JM Foster Co., Inc. v. Northern Ind. Pub. Serv. Co.

Annotate this Case

326 N.E.2d 584 (1975)

J.M. FOSTER COMPANY, Inc., Defendant-Appellant, v. NORTHERN INDIANA PUBLIC SERVICE COMPANY, Inc., Plaintiff-Appellee.

No. 3-1173A146.

Court of Appeals of Indiana, First District.

April 30, 1975.

*585 William H. Wagner, Chester, Clifford, Hoeppner & Houran, Valparaiso, for appellant.

James J. Nagny, David C. Jensen, Schroer, Eichhorn & Morrow, Hammond, for appellee.


This action was commenced on May 22, 1973, by plaintiff-appellee Northern Indiana Public Service Company, Inc. (NIPSCO), filing its complaint against defendant-appellant J.M. Foster Company, Inc. (Foster), wherein NIPSCO sought to condemn a right of way over real estate owned by Foster. On June 11, 1973, Foster filed objections to the take. Both an amended complaint and amended objections to the take were subsequently filed. Following a hearing, the trial court, on October 15, 1973, entered an order overruling Foster's amended objections, appointing appraisers *586 and condemning to the use of NIPSCO a right-of-way and easement in, upon, through and over the property owned by Foster. On October 23, 1973, Foster filed a motion to correct errors. Such motion was subsequently overruled by the trial court. On December 14, 1973, Foster filed an assignment of errors in this court. The present appeal followed.

The evidence discloses that NIPSCO is a corporation organized under the laws of the State of Indiana for the purpose, among other things, of carrying on the general business of the manufacture, transmission, distribution, purchase and sale of electric current to towns and cities, and to the public in general. With existing generating facilities, NIPSCO is unable to meet the present demand for electrical energy at peak levels, and is required to purchase additional energy from surrounding utilities. In order to reduce its deficiency in generating capacity and lower the amount of purchased energy by 29%, NIPSCO is constructing a generating facility in Jasper County, Indiana, known as the R.M. Schahfer Station. The complaint filed by NIPSCO arose from its decision to construct two 345 KV electrical transmission lines which will extend northward from the Schahfer facility to substations located in Lake and Porter Counties. The line which is relevant to the present action will follow a route extending across a proposed residential development upon real estate owned by Foster before terminating at the Babcock substation northwest of the City of Valparaiso in Porter County. NIPSCO's present plans are to string a single circuit of four conductors on the south and west side of three 155-foot towers to be constructed upon the Foster property. The towers are to be spaced along a right-of-way 150 feet wide and 3,245 feet long.

Beginning on October 13, 1972, a series of meetings took place between representatives of NIPSCO and Foster with respect to the interests in land which NIPSCO sought to acquire. Foster proposed various alternate routes around and over its property which would minimize or do away with damage to its plans for a residential development. These alternatives were rejected by NIPSCO. On March 28, 1972, a letter was sent to Foster offering $28,808 for the acquisition. The offer was subsequently rejected by Foster and NIPSCO commenced its action to condemn to its use a right-of-way and easement upon and across the Foster property.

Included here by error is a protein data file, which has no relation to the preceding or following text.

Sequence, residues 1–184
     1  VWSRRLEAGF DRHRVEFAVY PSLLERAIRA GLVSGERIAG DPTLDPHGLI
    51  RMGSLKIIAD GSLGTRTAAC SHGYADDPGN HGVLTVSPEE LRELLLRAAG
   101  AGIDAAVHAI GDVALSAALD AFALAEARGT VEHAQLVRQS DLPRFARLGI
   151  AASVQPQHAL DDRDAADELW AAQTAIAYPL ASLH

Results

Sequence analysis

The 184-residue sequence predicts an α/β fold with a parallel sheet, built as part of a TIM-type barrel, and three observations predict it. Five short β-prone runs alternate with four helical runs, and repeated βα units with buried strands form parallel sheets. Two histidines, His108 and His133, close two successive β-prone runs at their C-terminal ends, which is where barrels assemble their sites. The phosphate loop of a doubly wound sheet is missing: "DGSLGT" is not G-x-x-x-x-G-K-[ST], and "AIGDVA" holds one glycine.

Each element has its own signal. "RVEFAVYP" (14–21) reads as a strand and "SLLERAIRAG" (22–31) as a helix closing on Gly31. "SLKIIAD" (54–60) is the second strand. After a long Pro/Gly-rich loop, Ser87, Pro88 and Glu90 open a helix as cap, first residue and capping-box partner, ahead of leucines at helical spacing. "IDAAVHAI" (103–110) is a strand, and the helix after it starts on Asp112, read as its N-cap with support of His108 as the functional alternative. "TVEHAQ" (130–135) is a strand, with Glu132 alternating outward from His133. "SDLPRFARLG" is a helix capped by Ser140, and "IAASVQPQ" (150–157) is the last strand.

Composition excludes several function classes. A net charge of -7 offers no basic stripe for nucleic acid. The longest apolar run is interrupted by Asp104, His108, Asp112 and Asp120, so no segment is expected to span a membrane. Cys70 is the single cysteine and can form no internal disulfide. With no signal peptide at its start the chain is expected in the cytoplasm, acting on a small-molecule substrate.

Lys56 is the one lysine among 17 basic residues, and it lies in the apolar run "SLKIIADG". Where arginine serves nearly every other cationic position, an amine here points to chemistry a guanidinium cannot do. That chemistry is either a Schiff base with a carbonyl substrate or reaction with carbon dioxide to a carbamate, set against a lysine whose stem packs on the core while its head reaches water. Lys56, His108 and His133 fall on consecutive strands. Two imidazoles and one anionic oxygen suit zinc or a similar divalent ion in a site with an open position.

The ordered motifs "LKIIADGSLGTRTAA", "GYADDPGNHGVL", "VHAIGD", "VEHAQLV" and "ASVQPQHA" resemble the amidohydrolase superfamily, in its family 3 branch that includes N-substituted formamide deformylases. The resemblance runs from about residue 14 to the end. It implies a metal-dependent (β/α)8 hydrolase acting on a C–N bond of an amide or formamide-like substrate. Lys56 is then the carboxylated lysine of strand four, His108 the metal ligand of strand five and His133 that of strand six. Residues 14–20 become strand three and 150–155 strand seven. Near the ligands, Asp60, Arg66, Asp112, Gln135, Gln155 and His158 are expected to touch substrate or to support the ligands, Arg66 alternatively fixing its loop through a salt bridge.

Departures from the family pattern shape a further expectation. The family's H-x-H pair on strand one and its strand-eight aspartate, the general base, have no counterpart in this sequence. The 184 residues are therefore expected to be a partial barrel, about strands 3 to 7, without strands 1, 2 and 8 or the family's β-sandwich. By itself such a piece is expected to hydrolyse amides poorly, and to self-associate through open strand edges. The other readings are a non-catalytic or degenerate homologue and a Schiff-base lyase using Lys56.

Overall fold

Foster's argument on appeal centers around the overruling of its amended objections to the take. Inasmuch as Foster's assignment of errors presents questions in addition to those arising from its motion to correct errors, it becomes necessary to determine which is the proper procedural instrument in an appeal from the overruling of objections to a condemnation. In this regard, IC 1971, XX-XX-X-X (Burns Code Ed.), provides:

"Any defendant may object to such proceedings on the grounds that the court has no jurisdiction either of the subject-matter or of the person, or that the plaintiff has no right to exercise the power of eminent domain for the use sought, or for any other reason disclosed in the complaint or set up in such objections. Such objections shall be in writing, separately stated and numbered, and shall be filed not later than the first appearance of such defendant; and no pleadings other than the complaint and such statement or objections shall be allowed in such cause, except the answer provided for in section eight [XX-XX-X-X] of this act: Provided, That amendments to pleadings may be made upon leave of court. If any such objection shall be sustained, the plaintiff may amend his complaint or may appeal to the Supreme or Appellate Court [Court of Appeals] from such decision, as and in the manner that appeals are taken from final judgments in civil actions, of which appeal all the parties shall take notice and by which they shall be bound. But if such objections are overruled, the court or *587 judge shall appoint appraisers as provided for in this act; and from such interlocutory order overruling such objections and appointing appraisers, such defendants, or any of them, may appeal to the Supreme or Appellate Court [Court of Appeals] from such decision as and in the manner that appeals are taken from final judgments in civil actions, upon filing with the clerk of such court a bond, with such penalty as the court or judge shall fix, with sufficient surety, payable to the plaintiff, conditioned for the diligent prosecution of such appeal and for the payment of the judgment and costs which may be affirmed and adjudged against the appellants, such appeal bond shall be filed within ten [10] days after the appointment of such appraisers. All the parties shall take notice of and be bound by such appeal. The transcript shall be filed in the office of the clerk of the Supreme Court within thirty [30] days after the filing of the appeal bond. Such appeal shall not stay proceedings in such cause." (Our emphasis.)